Q: And how is it different to other properties in the Blizzard stable?

Thompson: The first is that the size of the team was vastly smaller compared to other teams. We really did the bulk of this game with roughly 15 developers, and that’s across all disciplines: production, art, engineering and design.

That comes with a certain set of challenges, but it also comes with the awesome quality of each person having three or four different paths or duties on the team. That give people a number of opportunities to have their input be quadrupled. I would ask for feedback not just from artists, but from designers, and from everybody on the team.

It’s a very collaborative atmosphere. I’ve made the analogy before: we’re really a garage band that gets to work in the confines of a successful, larger band. So we get to make those failures early on, we get to take those chances without as much of the overhead or the risk involved.

Dodds: Yeah, we joked a lot about the “art department” early on, because the “art department” was Ben Thompson-

Thompson: [laughs]

Dodds: Ben was all the artists on the team. So when we’re talking about the art department being small, it was very small!

Thompson: Yeah, very schizophrenic conversations between the concept artist, the lead artist, the art director and the implementer!

Q: You say you finally decided on the lighthearted and whimsical look we all know today, what were some other directions you looked at and decided to put aside?

Thompson: World of Warcraft, as a license, offers multiple directions in which you can take it. You can be very serious, you can be very lighthearted, and any number of degrees in between. A lot of our early forays were exploring where we wanted to fall on that meter. We really at some point or another hit every point on that meter.

Some earlier versions tended to be slightly more serious, literal translations of the world. We had a Darkmoon Faire-themed board whereupon your first interaction with the game was at Darkmoon Faire. Another one was much more abstract. I’d call it really cartoon-y, really simplified.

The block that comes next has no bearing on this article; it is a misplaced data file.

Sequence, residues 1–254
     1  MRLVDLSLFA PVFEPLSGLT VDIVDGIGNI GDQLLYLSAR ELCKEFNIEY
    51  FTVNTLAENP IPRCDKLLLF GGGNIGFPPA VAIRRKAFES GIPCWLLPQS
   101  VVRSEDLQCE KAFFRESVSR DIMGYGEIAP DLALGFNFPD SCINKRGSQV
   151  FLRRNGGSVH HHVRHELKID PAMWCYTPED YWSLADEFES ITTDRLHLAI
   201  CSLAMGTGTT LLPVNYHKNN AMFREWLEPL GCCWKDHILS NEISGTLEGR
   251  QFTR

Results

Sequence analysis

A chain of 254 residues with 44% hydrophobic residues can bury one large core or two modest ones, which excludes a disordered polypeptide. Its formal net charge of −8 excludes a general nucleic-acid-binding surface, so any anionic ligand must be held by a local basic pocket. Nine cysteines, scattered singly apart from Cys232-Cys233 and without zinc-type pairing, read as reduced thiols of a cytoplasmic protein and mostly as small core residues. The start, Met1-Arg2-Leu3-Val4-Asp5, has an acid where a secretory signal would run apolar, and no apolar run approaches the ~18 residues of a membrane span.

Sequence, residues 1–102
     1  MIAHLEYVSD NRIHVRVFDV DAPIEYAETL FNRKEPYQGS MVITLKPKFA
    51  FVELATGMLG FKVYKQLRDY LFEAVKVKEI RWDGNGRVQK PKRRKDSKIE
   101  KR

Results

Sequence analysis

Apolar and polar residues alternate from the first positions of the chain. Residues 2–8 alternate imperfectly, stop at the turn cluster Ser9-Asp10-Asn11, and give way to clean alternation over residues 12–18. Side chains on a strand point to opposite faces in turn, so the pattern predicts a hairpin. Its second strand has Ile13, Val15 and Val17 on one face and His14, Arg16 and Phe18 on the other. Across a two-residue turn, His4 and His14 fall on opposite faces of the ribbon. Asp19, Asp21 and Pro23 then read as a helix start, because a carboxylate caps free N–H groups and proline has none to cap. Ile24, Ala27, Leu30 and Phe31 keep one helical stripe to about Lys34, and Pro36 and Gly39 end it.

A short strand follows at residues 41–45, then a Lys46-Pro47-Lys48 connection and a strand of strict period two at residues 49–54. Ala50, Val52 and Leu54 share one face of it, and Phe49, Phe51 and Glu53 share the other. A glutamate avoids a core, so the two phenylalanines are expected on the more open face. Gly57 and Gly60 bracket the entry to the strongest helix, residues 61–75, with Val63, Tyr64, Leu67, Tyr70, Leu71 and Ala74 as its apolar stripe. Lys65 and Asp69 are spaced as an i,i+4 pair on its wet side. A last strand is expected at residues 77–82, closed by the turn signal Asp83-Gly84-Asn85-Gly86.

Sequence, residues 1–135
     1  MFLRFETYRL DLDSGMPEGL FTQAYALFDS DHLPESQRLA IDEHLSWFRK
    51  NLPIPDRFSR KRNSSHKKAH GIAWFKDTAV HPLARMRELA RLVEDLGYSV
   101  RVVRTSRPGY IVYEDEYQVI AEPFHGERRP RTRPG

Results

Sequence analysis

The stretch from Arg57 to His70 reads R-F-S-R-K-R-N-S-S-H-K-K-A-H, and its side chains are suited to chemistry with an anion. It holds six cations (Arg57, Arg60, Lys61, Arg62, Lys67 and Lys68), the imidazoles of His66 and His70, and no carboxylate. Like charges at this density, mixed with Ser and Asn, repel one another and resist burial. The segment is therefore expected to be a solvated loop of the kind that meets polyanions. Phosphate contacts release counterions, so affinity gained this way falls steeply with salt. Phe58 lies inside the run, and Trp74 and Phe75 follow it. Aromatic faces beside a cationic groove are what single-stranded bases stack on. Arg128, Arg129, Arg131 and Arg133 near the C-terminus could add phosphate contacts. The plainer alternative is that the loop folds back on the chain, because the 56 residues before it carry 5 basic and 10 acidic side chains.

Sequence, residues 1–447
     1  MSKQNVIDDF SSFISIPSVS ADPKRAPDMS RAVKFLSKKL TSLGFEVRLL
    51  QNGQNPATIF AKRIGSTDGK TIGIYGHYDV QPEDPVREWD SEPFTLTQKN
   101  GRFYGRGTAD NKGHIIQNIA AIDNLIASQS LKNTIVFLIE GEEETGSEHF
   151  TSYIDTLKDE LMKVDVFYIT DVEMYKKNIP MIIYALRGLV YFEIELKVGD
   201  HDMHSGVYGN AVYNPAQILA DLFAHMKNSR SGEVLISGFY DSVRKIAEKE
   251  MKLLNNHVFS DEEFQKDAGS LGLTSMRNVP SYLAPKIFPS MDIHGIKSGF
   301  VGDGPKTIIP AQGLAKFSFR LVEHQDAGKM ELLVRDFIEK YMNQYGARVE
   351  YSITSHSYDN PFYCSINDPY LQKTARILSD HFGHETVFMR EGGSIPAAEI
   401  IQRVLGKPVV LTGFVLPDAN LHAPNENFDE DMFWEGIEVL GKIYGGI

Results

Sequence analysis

Where we ended up was the best of all worlds. We get the tongue-and-cheek, we get the lighthearted, but it’s realistic and detailed enough that you get the sensation of physicality and the tangibility of all the pieces. That was important, because we wanted it to be a game that you felt you were playing in the world of Azeroth, a world that you’ve known for years previous to this as a player.

We wanted a game that built on all of those most exciting and evocative parts of that world. To play to the fantasy that I’m sitting in my favourite inn in my favourite city in Azeroth and that for a brief moment, I’m Jaina doing battle with Garrosh, and even though I may not have beaten him out on the battlefield in an earlier raid, I’m gonna beat him in this card game with some new spells and a different class.

Q: Were the classes always represented by these heroes of Azeroth?

Dodds: That was not always the case and there was definitely debate about it. What we decided is that we really wanted there to be really strong personalities and characters that you as a Warcraft player know and can have a relationship with. You know where they’re coming from and who they are. Initially we talked a lot about that and the personality you get, the flavour and interaction you get - even in the introduction when Jaina is doing battle with Hogger - is really worth a whole lot. Once we latched onto it and found it, we never looked back!

Q: Can you speak further to how each class was designed to be visually distinctive?

Clearing the decks: Hearthstone's Eric Dodds and Ben Thompson